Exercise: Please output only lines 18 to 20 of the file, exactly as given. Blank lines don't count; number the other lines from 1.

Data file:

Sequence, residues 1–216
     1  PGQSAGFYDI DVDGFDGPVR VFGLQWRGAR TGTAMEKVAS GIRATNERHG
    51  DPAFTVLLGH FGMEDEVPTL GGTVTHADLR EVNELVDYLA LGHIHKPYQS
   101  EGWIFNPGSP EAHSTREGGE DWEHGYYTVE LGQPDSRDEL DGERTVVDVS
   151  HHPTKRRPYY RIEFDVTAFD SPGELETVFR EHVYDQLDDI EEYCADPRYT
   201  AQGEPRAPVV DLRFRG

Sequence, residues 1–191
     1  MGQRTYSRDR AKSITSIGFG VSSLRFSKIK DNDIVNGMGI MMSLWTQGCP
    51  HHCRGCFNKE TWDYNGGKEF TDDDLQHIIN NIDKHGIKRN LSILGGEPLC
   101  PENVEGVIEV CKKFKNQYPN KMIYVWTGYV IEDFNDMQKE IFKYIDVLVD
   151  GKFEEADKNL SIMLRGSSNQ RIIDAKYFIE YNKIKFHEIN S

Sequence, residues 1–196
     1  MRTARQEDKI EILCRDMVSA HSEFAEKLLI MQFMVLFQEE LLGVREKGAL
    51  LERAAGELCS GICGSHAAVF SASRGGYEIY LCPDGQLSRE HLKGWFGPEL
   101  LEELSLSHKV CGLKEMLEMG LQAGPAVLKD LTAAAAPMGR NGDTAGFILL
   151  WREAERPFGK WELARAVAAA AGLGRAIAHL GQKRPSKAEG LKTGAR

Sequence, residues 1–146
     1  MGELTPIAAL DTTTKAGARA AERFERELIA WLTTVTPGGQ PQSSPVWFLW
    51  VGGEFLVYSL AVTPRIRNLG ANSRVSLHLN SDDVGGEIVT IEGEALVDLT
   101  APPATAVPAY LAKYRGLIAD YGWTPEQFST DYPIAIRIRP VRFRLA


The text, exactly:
     1  MGELTPIAAL DTTTKAGARA AERFERELIA WLTTVTPGGQ PQSSPVWFLW
    51  VGGEFLVYSL AVTPRIRNLG ANSRVSLHLN SDDVGGEIVT IEGEALVDLT
   101  APPATAVPAY LAKYRGLIAD YGWTPEQFST DYPIAIRIRP VRFRLA